Still looooooooonnnnnnngggggggggg ways out before it becomes a hurricane. Circulation remains pretty ill-defined.


Member Since: September 2, 2009 Posts: 130 Comments: 21194
she wont strenthen much until she stacked it may be a while
Member Since: July 21, 2010 Posts: 0 Comments: 1181
Quoting Bretts9112:

Link

Thanks, but this one showed all the models too. Though this is good too.
Member Since: Posts: Comments:
3539. GoWVU
Nice morning here in the South Carolina low country, just going to sit back and watch and listen to how Ms. Irene plays out.
Member Since: Posts: Comments:
Quoting weatherguy03:
TS Irene Morning Update Aug. 21st, 2011


Wow! Hey Bob!
Member Since: Posts: Comments:
GFS 6-Day Total:

"It's Gon Rain!"

Member Since: Posts: Comments:
When is the next major run by any of the models?
Member Since: Posts: Comments:
Quoting Bluestorm5:
lucky for you, I know alot about tornadoes. That storm haven't been rated yet, and you are correct, it's rare in Belize. I would say F-0 or F-1, but never judge how powerful tornado is by size. It look like F-3 to most people, but I think it was F-0 or F-1.

I'm guessing it as a minimal F2 tornado
Member Since: Posts: Comments:
Quoting stormpetrol:
Time: 14:02:00Z
Coordinates: 16.8333N 62.9W
Acft. Static Air Press: 843.2 mb (~ 24.90 inHg)
Acft. Geopotential Hgt: 1,537 meters (~ 5,043 feet)
Extrap. Sfc. Press: -
D-value: -
Flt. Lvl. Wind (30s): From 7° at 3 knots (From the N at ~ 3.4 mph)
Air Temp: 16.5°C* (~ 61.7°F*)
Dew Pt: -*
Peak (10s) Flt. Lvl. Wind: 4 knots (~ 4.6 mph)
SFMR Peak (10s) Sfc. Wind: 20 knots (~ 23.0 mph)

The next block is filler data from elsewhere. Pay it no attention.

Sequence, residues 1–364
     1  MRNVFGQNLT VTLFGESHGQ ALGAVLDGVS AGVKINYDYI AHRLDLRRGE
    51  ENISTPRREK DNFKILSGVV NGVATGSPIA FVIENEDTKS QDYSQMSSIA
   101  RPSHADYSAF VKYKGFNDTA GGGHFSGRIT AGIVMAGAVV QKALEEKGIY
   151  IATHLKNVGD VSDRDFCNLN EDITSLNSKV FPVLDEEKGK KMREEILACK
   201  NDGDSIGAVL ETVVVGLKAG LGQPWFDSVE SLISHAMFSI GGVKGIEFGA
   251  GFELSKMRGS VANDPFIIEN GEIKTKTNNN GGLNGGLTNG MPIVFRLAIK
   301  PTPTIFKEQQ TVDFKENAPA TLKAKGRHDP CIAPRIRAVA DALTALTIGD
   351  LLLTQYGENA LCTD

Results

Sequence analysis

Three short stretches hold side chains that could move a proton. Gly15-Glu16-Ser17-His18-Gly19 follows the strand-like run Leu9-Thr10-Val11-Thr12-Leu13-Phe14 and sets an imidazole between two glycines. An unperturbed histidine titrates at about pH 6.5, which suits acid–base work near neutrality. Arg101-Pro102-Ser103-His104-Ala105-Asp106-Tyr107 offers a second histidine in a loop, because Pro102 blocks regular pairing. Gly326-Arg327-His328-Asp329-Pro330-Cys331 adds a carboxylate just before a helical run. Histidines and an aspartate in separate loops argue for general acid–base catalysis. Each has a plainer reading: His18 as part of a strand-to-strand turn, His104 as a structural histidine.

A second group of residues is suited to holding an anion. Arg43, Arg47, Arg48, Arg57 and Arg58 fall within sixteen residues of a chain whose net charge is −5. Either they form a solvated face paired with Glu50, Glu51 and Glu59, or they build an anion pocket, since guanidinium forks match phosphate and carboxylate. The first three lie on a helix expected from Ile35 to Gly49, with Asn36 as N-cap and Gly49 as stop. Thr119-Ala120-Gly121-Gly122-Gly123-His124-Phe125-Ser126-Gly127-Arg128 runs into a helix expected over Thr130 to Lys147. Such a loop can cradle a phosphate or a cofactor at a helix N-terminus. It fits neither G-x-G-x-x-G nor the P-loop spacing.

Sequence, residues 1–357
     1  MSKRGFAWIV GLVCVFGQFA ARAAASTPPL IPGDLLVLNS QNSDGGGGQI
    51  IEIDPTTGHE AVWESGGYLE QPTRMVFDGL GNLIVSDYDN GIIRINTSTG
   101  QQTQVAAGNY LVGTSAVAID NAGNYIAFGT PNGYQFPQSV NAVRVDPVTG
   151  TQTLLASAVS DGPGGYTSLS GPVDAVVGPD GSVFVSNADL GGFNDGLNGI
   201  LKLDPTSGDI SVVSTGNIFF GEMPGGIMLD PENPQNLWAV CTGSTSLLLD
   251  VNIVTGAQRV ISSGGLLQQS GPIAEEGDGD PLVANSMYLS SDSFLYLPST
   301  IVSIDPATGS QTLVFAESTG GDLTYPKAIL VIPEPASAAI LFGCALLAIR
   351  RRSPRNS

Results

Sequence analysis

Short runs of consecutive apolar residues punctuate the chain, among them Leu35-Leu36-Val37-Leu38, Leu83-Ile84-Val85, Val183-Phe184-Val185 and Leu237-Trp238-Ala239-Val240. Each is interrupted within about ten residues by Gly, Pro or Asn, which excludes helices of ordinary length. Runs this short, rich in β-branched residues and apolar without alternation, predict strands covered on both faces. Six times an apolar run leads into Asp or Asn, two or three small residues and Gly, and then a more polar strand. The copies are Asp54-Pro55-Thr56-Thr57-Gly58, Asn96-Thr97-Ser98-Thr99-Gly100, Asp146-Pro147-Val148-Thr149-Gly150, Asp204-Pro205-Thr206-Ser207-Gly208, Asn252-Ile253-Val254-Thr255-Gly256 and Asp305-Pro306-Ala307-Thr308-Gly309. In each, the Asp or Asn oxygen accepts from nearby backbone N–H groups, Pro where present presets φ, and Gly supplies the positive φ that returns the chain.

SFMR Rain Rate: 0 mm/hr (~ 0 in/hr)
(*) Denotes suspect data

Think this might be new center fix , not sure yet!
16.8 roger
Member Since: Posts: Comments:
3533. scott39
Quoting StormJunkie:


Yes...

Now back to Irene. Haiti is about to get tons o rain; and we are not far away from finding out how well Irene can stomach 10k ft mountains.
not very well I would assume! If it degenerates over mountains would the forward speed to the W be the same and would the trough still catch it?
Member Since: June 13, 2009 Posts: 0 Comments: 6912
3532. GetReal
Quoting FSUCOOPman:
@3282

Anyone know what the UK model is picking up on that's sending it so much further west than the other models?




High pressure to the north of Irene....
Member Since: Posts: Comments:
3531. WxLogic
36HR:



Pretty deep TROF.
Member Since: Posts: Comments:
Quoting WxLogic:
12 NAM @24HR:



So, the high moves inland and the trof moves down meaning to us groundlings what exactly?

The longrange PR radar lines up with my highly scientific method of holding a clear plastic straw over various IR satellite images and trying to 1) find the current COC and 2) tilt it until I think I can see where its been and it looks to have a bead on South PR. After that I had to rely on you smart folks to explain the various forecast maps and how it will play out with that
Member Since: Posts: Comments:
TS Irene Morning Update Aug. 21st, 2011
Member Since: Posts: Comments:
Quoting chrisdscane:




so she not even verticly stacked yet
looks like another tilted storm so far. definitely not in RI mode.

Cruising fast to the west.
Member Since: Posts: Comments:
Quoting chrisdscane:
has levi posted his vid?
No. He traveled somewhere last night.
Member Since: Posts: Comments:
Quoting chrisdscane:




so she not even verticly stacked yet


apparently not.
Member Since: August 22, 2010 Posts: 0 Comments: 652
Quoting chrisdscane:




so she not even verticly stacked yet

Seems pretty stacked to me.
850MB

700MB

500MB
Member Since: Posts: Comments: